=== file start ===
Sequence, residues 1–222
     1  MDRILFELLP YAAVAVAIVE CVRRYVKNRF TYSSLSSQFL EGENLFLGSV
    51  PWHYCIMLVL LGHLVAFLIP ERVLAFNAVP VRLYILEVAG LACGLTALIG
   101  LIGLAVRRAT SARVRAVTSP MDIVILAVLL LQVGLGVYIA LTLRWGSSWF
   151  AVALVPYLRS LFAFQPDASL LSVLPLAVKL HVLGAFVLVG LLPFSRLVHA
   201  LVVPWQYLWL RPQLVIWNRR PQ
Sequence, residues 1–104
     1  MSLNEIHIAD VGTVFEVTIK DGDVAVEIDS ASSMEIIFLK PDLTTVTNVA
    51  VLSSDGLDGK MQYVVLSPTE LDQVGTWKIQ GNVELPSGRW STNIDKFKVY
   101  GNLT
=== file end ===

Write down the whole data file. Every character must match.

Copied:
Sequence, residues 1–222
     1  MDRILFELLP YAAVAVAIVE CVRRYVKNRF TYSSLSSQFL EGENLFLGSV
    51  PWHYCIMLVL LGHLVAFLIP ERVLAFNAVP VRLYILEVAG LACGLTALIG
   101  LIGLAVRRAT SARVRAVTSP MDIVILAVLL LQVGLGVYIA LTLRWGSSWF
   151  AVALVPYLRS LFAFQPDASL LSVLPLAVKL HVLGAFVLVG LLPFSRLVHA
   201  LVVPWQYLWL RPQLVIWNRR PQ
Sequence, residues 1–104
     1  MSLNEIHIAD VGTVFEVTIK DGDVAVEIDS ASSMEIIFLK PDLTTVTNVA
    51  VLSSDGLDGK MQYVVLSPTE LDQVGTWKIQ GNVELPSGRW STNIDKFKVY
   101  GNLT